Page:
April 27, 2012 6:39 pm

Entrepreneur likely to bid for Aquascutum

The investment arm of global supply business Li & Fung is out of the race for Aquascutum, but textiles entrepreneur James Eden is expected to make a bid.

YGM Trading, which holds the rights to the Aquascutum name in Asia, is also widely expected to express an interest in the Aquascutum brand, following the collapse of the 161-year-old luxury raincoat maker last week.

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Fung Capital, the private investment arm of the Fung family, which separately controls the Li & Fung group, was mooted as a possible buyer for Aquascutum.

However, it has no interest in the business, according to people familiar with the situation. Fung Capital declined to comment.

James Eden, the 28-year-old former investment banker who produces the Private White VC menswear line, is expected to bid for both the Aquascutum brand and its Corby factory, which has already closed.

Bids for Aquascutum were due in on Friday to FRP Advisory, administrator of the classic clothing company, which was founded in 1851. It declined to comment.

However, the sale of the remainder of Aquascutum could prove tricky without the valuable Asian element of the business.

When Harold Tillman, the fashion entrepreneur, struck a deal to buy Aquascutum in September 2009, he sold the rights to the brand in Asia to YGM. He retained the brand’s intellectual property rights for the rest of the world, but the majority of the business was in Asia.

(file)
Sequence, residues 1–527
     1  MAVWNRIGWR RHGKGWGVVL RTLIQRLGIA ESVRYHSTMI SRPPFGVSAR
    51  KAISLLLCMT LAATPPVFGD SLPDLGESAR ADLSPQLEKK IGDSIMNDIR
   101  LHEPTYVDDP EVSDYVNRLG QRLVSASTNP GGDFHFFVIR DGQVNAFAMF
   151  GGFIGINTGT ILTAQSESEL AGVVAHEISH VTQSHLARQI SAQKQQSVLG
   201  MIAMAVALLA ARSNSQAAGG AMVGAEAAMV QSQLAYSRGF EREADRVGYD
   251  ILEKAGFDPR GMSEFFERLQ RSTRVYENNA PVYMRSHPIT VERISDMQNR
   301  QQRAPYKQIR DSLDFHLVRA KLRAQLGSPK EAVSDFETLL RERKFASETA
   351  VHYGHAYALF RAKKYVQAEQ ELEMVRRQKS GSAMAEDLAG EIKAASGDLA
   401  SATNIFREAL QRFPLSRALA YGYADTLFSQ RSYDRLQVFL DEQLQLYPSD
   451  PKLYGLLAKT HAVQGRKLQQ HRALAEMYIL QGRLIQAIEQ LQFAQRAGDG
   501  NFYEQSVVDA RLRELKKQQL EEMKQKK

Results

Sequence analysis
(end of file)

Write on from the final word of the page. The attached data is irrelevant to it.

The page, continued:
This meant he acquired the costly elements of the business, such as design, marketing, and the Corby factory, with a small turnover base, and without the lucrative Asian royalties

Kim Winser, the former chief executive of Aquascutum, tried to buy the business four years ago, from its then owner, Japan’s Renown.

However, when Renown decided that it would not sell the business as a whole, but split it up, Ms Winser and her management team walked away, amid concerns that it would be difficult to make the business work in parts, as Aquascutum was a global brand.

Ms Winser has so far declined to talk about the business. But she said on Friday: “I was running and offered to buy the whole global Aquascutum business and not just this small element which is now in difficulty. I understand the global Aquascutum is still today a very successful and profitable operation, with around 80 per cent of all its global business in Asia.”

Mr Eden indicated that he was not concerned by the constraints around accessing Asia.

He already had strong links in the region through the Private White VC brand. Meanwhile, there were opportunities to develop Aquascutum in the UK and US, he said.

“First of all... I need the factory, because I have a growing demand from my customers internationally, and Aquascutum is a phenomenal brand that needs to be developed in the UK and the US. Obviously, it would be nice to have the rights in the Far East, but the world is a big place,” he said.

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